The older Orange-based paints,  Vermilon, Chrome Orange,  Naples Yellow,   were notorious for having toxic chemicals in them and so many were taken off the market with substitute colours made. Today, you still can find Cadmium paints including Cadmium Orange which have a toxicity to them. They are being phased out slowly.

Have a look at what you purchase and where it was made. Check paints you have at home, especially all older paints.  These may have lead, mercury, manganese, etc. in them.  These chemicals are unsafe to breathe, ingest, or if they are absorbed into your skin.

Be alert to your paints.  Check their safety, look online for references and information.  This website may be useful to some, especially those that like to use house paints to paint with.  I know many people who regularly do so and thought this website was a good resource.




Refererence Sources

David Myers blog great info on paints Cadmium Confusion: Do Consumers Need Protection?

Hilary Page’s  Guide to Watercolor Paints,  Watson-Guptill Publications ISBN 0832022617

Michael Wilcox  Guide to the Best Watercolor Paints, The School of Colour Publications ISBN 0891344098



Colour me happy with all the brilliant, cheerful, sunny Orange paints!



Published by debiriley

The act of creation, in any media is a fascinating and magical process. I simply love to create. Expressing in color, line, tone, texture - as if, they were words upon a page. Creating a uniquely me, interpretation. Enjoy More of my "one-of-a-kind" expressive art at and,

32 thoughts on “Colour Me Happy – Orange

  1. Hello Debi : I am learning at a snail’ s pace, from Prussian Blue to these lovely Oranges tonight!!..Wow, I never knew there was so much wealth of colour out there, But I am seeing it all in your artwork, and detailed teachings. Colour me excited .. And delighted to follow your posts. I have too many questions?? ( smile ) But that is normal!!.. So for tonight , Sign me grateful learner Joanne Wighton

    Liked by 2 people

    1. “Colour Me Excited”.. wow, I love your words, Joanne!!
      Thank you, very much, for your beautiful compliment.
      art is An Apprenticeship, not with a person/teacher but With Your Materials. slowly we get there. Cheers, Debi 🙂


  2. THANK YOU Debi! Perfect timing!! I was painting poppies, I was struggling with Colour Me Happy – orange! Now I am a happy vegemite. Many thanks for sharing.

    Liked by 1 person

  3. What a happy post! So cheerful and So INFORMATIVE. Thank you for sharing. You should write a book with all your great knowledge ! I would buy it!

    Liked by 2 people

    1. OK!! you Jodi, darling are my 1st book buyer! I must confess, it won’t be Soon 🙂 I seem to a. be rather slow these days b. tend to put things off til I can do it better i.e. it means ‘never’ c. oh, what was I saying? LOL cheers, and Thanks Jodi!!

      Liked by 1 person

  4. Bring on the Orange! Thank you for this informative narrative about Orange. I’m very excited to get to my paints today!
    Your photography and painting is stunning.

    Liked by 1 person

    1. ok Sharon! lets see what you get up to!? love to see the brush do its “orange happy dance” for you 🙂 Thank you Sharon for your lovely comment, very sweet!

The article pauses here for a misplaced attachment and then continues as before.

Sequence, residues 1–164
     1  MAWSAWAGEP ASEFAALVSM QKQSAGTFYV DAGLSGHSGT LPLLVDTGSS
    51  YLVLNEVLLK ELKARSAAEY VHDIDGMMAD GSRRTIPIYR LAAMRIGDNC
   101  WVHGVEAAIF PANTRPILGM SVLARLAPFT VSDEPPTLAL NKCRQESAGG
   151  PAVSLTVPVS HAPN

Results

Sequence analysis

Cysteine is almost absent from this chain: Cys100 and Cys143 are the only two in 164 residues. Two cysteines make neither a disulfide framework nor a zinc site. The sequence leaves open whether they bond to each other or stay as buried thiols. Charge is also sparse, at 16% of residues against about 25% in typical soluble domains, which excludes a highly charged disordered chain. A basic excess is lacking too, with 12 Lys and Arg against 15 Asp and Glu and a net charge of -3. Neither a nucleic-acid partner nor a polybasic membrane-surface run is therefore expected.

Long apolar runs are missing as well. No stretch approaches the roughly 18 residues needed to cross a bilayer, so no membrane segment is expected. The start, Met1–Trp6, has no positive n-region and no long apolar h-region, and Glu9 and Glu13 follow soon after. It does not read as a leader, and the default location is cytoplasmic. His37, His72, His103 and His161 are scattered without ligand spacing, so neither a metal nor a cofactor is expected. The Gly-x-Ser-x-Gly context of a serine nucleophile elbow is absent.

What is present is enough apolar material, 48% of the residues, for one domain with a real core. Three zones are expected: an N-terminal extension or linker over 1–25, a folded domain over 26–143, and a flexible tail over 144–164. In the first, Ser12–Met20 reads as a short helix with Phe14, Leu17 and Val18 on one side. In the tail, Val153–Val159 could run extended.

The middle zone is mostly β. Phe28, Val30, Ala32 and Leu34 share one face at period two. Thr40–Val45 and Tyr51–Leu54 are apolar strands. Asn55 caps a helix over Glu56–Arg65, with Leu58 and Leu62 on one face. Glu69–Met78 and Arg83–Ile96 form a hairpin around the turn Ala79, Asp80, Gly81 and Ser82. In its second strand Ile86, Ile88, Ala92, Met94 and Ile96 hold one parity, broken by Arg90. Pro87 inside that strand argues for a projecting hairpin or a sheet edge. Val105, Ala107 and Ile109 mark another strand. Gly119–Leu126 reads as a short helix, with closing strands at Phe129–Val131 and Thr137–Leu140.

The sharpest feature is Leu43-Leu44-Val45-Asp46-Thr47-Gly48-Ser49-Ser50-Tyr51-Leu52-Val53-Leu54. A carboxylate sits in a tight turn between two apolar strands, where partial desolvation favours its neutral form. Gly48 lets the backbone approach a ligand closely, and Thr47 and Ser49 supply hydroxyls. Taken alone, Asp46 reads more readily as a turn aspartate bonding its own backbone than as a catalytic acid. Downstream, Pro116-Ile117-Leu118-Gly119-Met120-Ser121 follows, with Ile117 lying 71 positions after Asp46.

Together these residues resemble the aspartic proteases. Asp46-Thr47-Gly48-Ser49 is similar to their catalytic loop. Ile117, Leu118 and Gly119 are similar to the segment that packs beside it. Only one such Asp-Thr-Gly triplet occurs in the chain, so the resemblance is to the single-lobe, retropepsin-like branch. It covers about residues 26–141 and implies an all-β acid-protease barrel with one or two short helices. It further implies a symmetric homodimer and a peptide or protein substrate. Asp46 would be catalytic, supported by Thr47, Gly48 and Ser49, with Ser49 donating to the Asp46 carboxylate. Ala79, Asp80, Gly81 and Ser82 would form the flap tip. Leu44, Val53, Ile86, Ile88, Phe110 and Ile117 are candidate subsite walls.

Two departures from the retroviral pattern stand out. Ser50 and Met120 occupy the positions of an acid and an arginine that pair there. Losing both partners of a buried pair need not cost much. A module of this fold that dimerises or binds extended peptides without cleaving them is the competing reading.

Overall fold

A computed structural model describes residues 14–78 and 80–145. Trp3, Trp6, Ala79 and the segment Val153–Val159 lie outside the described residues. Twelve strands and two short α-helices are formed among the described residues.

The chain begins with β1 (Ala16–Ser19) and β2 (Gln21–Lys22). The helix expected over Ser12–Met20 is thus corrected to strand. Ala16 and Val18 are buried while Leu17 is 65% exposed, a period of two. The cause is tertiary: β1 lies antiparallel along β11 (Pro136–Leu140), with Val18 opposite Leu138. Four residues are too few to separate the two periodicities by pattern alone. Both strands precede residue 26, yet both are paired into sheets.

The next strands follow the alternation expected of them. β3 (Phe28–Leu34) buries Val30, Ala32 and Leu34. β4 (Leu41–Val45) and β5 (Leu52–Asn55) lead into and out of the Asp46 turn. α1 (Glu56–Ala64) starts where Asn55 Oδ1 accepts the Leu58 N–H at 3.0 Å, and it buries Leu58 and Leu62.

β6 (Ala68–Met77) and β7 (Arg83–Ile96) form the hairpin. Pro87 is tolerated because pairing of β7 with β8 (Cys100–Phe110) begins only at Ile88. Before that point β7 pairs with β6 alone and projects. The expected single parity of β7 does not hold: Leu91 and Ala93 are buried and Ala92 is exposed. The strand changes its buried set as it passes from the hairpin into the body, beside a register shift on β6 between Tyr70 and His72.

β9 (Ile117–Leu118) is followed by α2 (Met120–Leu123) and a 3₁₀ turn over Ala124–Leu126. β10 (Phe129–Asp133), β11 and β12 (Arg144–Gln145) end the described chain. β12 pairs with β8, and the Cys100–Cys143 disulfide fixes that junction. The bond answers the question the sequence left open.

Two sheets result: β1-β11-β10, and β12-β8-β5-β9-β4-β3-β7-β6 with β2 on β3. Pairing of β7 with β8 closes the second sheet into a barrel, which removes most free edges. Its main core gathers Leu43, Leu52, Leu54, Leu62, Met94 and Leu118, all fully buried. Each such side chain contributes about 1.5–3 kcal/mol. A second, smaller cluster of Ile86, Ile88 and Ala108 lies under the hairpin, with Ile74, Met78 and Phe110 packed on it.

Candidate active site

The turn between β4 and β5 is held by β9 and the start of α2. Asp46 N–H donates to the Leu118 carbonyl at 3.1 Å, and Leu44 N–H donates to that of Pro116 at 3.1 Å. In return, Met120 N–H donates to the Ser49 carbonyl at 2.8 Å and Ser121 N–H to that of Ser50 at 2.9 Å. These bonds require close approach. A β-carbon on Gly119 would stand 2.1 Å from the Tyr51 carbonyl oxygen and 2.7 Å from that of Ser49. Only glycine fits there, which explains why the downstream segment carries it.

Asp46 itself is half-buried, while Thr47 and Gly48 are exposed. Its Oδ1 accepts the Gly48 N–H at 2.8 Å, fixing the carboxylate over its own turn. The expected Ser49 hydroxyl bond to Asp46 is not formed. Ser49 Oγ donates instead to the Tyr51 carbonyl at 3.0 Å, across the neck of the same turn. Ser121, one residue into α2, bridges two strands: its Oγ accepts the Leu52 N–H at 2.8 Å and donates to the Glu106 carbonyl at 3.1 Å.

Liked by 1 person

  5. your first painting remembers me of the milky-way and I love the photo from the sunset. That’s so peaceful and beautiful in colors. I always feel so good at the sea. Unfortunately, I don’t really like orange. But your post was wonderful – as usual. Congrats for No. 200, regards Mitza

    Liked by 1 person

    1. thank you !! a big smile here 🙂 I love the sea too, when its gentle and calm. you are not alone in the not so fond of orange crowd! Orange can be very strident and stroppy. Like Red.

      Liked by 1 person

      1. I would prefer salmon. That’s kind of my favorite color regarding my home. But I never in my long life had anything that was orange! Funny, isn’t it? Orange is shouting at me. I love dove-blue, that’s rather silent, hehe 😉

        Liked by 1 person

    1. HI Gigi, You’re quite welcome! I’m very Happy you like Orange as well 🙂 Thank you for writing in with your comments, I appreciate it cheers ! Debi


  6. Your posts are not only lovely, but there’s always something to learn.
    Emotional response to colors can vary, we know that –especially with weird people, like me! Orange is my ANXIETY COLOR! I like the liquidy piece at the top of the post.

    Liked by 1 person

    1. thank you very much Jacob, that’s lovely of you to say so 🙂 Orange – especially when hot and bright can trigger a sensitive reaction in people. I don’t mind it so much, if its been neutralised a bit. Not keen on Fluoro.


  7. I wonder, if there’s any truth to the Indian Yellow story, if it might have had more to do with the earth it was mixed with–the cow urine would have resonated with a sense of sacred, if you were Hindu, and mangoes–full of sensual associations. In a story of origins, the poetic does have a tendency to nudge material reality to the side.

    Liked by 1 person

  8. Be good if you mentioned, in your pigment recommendations, what the medium is. Oil… acrylic… water color? Makes a difference. Naples Yellow, in oil (maybe this isn’t true now–I haven’t used oils in almost 50 years), dominates, super opaque, doesn’t blend well. Really have to know how to use it.

    Liked by 1 person

    1. good idea! I should be clear when I say a specific colour, what the Pigment # is. Which is the same for w/c oils, acrylics. If, it is indeed that #.